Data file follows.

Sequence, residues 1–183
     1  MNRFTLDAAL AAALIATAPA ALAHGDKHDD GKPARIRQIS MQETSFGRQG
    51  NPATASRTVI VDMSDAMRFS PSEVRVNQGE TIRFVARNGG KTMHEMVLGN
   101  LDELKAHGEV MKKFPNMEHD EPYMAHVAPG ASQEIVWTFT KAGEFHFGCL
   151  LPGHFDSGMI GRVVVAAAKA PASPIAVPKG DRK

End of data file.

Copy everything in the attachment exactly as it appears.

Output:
Sequence, residues 1–183
     1  MNRFTLDAAL AAALIATAPA ALAHGDKHDD GKPARIRQIS MQETSFGRQG
    51  NPATASRTVI VDMSDAMRFS PSEVRVNQGE TIRFVARNGG KTMHEMVLGN
   101  LDELKAHGEV MKKFPNMEHD EPYMAHVAPG ASQEIVWTFT KAGEFHFGCL
   151  LPGHFDSGMI GRVVVAAAKA PASPIAVPKG DRK